8. 8. Executive SummaryTPREFACE he High Level Expert Group (HLEG) on Universal Health Coverage (UHC) was constituted by the Planning Commission of India in October 2010, with the mandate of developing a framework for providing easily accessible and affordable health careto all Indians. While financial protection was the principal objective of this initiative, it wasrecognised that the delivery of UHC also requires the availability of adequate healthcareinfrastructure, skilled health workforce and access to affordable drugs and technologiesto ensure the entitled level and quality of care given to every citizen. Further, the designand delivery of health programmes and services call for efficient management systems aswell as active engagement of empowered communities. The original terms of referencedirected the HLEG to address all of these needs of UHC. Since the social determinants ofhealth have a profound influence not only on the health of populations but also on theability of individuals to access healthcare, the HLEG decided to include a clear referenceto them, though such determinants are conventionally regarded as falling in the domainof non-health sectors.The HLEG undertook a situational analysis of each of the key elements of the existinghealth system and has developed recommendations for reconfiguring and strengtheningthe health system to align it with the objectives of UHC, bridging the presently identifiedgaps and meeting the projected healthneeds of the people of India over the next decade. Inthis exercise, it was greatly enabled by the expert advice provided by a number of Indianand international organizations and individuals who shared the varied perspectives ofpolicymakers, health professionals, health system analysts and managers, civil society,private sector, development partners and academia. It drew upon the work and wisdomof several past expert committees and study groups which had provided valuablerecommendations on strengthening different elements of the health system in India.The HLEG was provided valuable assistance by the energetic group of researchers whoconstituted its technical secretariat at the Public Health Foundation of India (PHFI). It alsobenefited immensely from the intermittent consultations with members of the PlanningCommission while its work was in progress.The HLEG is submitting its report at a time of historically unprecedented opportunity foradvancing people’s health through the introduction and effective implementation of UHC.The Prime Minister has declared, in his Independence Day Address on August 15, 2011,that health would be accorded the highest priority in the 12th Five Year Plan which wouldbecome operational in 2012. There is a clearly articulated governmental intent to increase 1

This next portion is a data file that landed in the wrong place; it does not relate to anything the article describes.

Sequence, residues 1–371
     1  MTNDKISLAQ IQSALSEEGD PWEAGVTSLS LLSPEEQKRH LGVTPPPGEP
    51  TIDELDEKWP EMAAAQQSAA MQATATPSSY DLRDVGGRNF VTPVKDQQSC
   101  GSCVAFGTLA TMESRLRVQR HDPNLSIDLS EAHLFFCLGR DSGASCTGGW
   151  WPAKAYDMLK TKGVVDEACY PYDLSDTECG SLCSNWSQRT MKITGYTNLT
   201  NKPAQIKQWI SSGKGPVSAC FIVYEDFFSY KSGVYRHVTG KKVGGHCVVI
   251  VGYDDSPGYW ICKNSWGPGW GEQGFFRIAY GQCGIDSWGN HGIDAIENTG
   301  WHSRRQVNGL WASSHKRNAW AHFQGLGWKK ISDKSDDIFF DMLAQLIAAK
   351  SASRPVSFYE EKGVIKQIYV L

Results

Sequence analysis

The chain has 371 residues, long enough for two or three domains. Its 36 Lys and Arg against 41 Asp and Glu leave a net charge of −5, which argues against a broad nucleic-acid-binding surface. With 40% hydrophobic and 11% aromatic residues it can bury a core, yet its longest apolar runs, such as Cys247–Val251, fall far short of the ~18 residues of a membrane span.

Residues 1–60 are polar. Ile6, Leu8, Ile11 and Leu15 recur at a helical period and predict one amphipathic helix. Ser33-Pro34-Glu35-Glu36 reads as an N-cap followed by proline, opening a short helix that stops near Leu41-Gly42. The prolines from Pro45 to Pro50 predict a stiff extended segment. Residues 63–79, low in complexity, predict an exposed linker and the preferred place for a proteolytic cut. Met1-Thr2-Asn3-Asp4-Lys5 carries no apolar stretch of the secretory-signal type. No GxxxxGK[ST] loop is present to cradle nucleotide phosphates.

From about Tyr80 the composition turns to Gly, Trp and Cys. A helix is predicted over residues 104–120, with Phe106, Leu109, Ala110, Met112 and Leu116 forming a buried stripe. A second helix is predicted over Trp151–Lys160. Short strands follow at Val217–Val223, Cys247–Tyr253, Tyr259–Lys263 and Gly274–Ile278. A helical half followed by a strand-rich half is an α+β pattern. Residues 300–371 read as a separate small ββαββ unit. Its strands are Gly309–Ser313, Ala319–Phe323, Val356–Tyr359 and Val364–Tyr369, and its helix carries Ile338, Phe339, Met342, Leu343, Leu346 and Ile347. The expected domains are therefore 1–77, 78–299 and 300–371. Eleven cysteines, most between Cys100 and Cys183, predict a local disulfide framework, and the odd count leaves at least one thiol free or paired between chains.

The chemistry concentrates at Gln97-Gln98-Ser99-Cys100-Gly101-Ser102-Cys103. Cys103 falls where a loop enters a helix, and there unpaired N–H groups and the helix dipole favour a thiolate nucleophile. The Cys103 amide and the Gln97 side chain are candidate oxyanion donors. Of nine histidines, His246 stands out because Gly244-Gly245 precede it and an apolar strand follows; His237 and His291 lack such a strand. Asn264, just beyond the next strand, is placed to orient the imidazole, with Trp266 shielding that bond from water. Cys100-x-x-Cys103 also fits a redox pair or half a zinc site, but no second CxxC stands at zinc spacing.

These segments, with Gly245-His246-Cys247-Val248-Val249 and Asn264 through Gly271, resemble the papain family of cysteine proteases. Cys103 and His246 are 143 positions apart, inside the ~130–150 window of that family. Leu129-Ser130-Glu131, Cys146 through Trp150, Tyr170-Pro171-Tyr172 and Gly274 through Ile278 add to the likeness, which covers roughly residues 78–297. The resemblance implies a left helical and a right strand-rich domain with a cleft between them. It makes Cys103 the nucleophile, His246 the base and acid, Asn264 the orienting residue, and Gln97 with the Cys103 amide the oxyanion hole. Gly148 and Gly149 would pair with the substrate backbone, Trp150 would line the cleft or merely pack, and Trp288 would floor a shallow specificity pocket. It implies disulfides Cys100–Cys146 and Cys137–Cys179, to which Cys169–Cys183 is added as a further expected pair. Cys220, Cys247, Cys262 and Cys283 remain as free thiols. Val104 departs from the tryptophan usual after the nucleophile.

9. 9. High Level Expert Group Report on Universal Health Coverage for India PREFACE the public financing of health to 2.5% of India’s GDP, during the course of the 12th Plan. The growth of India’s economy permits this long overdue increase in public financing of health. The recognition of investment in health as both a developmental imperative and a pathway for winning popular political support has been evident in many recent initiatives ranging from the National Rural Health Mission (NRHM), the Rashtriya Swasthya Bima Yojana (RSBY) and a multitude of state sponsored health insurance schemes. The social objectives of all of these schemes would need to be merged and their scope considerably expanded to create a valued and viable model of UHC in India. The adoption of programmes for promoting UHC, by many other countries, provides a stimulus not only to act in conformity with a globally progressive commitment to health equity but also to become a leader of the movement by creating the best contemporary model of UHC. The HLEG has studied the experience of other countries, especially of those in the low and middle income categories, while developing its recommendations for India. The HLEG’s vision of UHC transcends the narrow, inadequate and often inequitable view of UHC as merely a system of health insurance. UHC, in its understanding, moves beyond ‘insurance’ by providing an ‘assurance’ of health care for multiple needs and includes health beyond health care, going beyond a mere illness response. UHC should address health in all of its dimensions and emphasize prevention and primary health care, which are ignored, neglected or even undermined by the usual systems of health insurance. Such an assurance has to be provided by the government, which has to act as the guarantor of UHC and ensure its success and sustainability, by mobilizing all societal resources and advance multi-sectoral actions. In this perspective, the UHC is linked firmly to the Right to Health and converts an aspirational goal into an entitled provision. The HLEG also recognizes that, for such a vision of the UHC to be realized, a tax based system of health financing is essential. This is also the global experience, wherein countries which have introduced UHC have mostly depended on general revenues rather than on unsteady streams of contributory health insurance which offerincomplete coverage and restricted services. For UHC to succeed in India, political and financial commitments are required from the central as well as state governments. We hope this report will catalyze those commitments and channelize their concerted actions for the early adoption and effective implementation of UHC. The HLEG’s report provides a framework for designing the UHC system. Even as that framework is discussed and debated in the public domain, delivery of UHC requires many implementation pathways to be identified and several operational processes to be detailed. Much work lies ahead but we hope this report provides a useful beginning. K. Srinath Reddy Chair, High Level Expert Group on Universal Health Coverage 2